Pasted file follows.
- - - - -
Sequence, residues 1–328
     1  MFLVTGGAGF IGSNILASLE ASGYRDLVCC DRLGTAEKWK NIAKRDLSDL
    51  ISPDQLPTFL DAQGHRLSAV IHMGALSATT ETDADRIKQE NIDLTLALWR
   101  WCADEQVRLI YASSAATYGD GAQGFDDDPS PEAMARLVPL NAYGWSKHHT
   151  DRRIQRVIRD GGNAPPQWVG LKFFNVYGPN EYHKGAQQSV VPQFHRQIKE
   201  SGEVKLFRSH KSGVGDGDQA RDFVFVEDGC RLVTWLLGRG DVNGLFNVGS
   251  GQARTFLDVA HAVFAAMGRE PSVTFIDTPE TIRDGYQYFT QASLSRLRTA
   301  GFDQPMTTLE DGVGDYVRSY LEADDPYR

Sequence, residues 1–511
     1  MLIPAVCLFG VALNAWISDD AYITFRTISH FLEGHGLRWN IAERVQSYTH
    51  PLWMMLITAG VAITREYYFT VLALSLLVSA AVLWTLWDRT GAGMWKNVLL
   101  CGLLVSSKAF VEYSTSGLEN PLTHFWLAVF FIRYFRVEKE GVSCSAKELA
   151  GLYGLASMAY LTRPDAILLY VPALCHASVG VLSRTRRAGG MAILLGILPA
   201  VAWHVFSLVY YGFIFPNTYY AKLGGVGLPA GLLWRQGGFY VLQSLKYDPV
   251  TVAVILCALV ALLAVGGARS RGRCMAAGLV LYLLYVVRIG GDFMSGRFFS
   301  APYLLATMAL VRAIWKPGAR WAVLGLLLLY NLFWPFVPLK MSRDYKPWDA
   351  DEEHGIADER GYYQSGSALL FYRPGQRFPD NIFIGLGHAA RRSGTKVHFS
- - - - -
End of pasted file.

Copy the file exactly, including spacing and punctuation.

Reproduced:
Sequence, residues 1–328
     1  MFLVTGGAGF IGSNILASLE ASGYRDLVCC DRLGTAEKWK NIAKRDLSDL
    51  ISPDQLPTFL DAQGHRLSAV IHMGALSATT ETDADRIKQE NIDLTLALWR
   101  WCADEQVRLI YASSAATYGD GAQGFDDDPS PEAMARLVPL NAYGWSKHHT
   151  DRRIQRVIRD GGNAPPQWVG LKFFNVYGPN EYHKGAQQSV VPQFHRQIKE
   201  SGEVKLFRSH KSGVGDGDQA RDFVFVEDGC RLVTWLLGRG DVNGLFNVGS
   251  GQARTFLDVA HAVFAAMGRE PSVTFIDTPE TIRDGYQYFT QASLSRLRTA
   301  GFDQPMTTLE DGVGDYVRSY LEADDPYR

Sequence, residues 1–511
     1  MLIPAVCLFG VALNAWISDD AYITFRTISH FLEGHGLRWN IAERVQSYTH
    51  PLWMMLITAG VAITREYYFT VLALSLLVSA AVLWTLWDRT GAGMWKNVLL
   101  CGLLVSSKAF VEYSTSGLEN PLTHFWLAVF FIRYFRVEKE GVSCSAKELA
   151  GLYGLASMAY LTRPDAILLY VPALCHASVG VLSRTRRAGG MAILLGILPA
   201  VAWHVFSLVY YGFIFPNTYY AKLGGVGLPA GLLWRQGGFY VLQSLKYDPV
   251  TVAVILCALV ALLAVGGARS RGRCMAAGLV LYLLYVVRIG GDFMSGRFFS
   301  APYLLATMAL VRAIWKPGAR WAVLGLLLLY NLFWPFVPLK MSRDYKPWDA
   351  DEEHGIADER GYYQSGSALL FYRPGQRFPD NIFIGLGHAA RRSGTKVHFS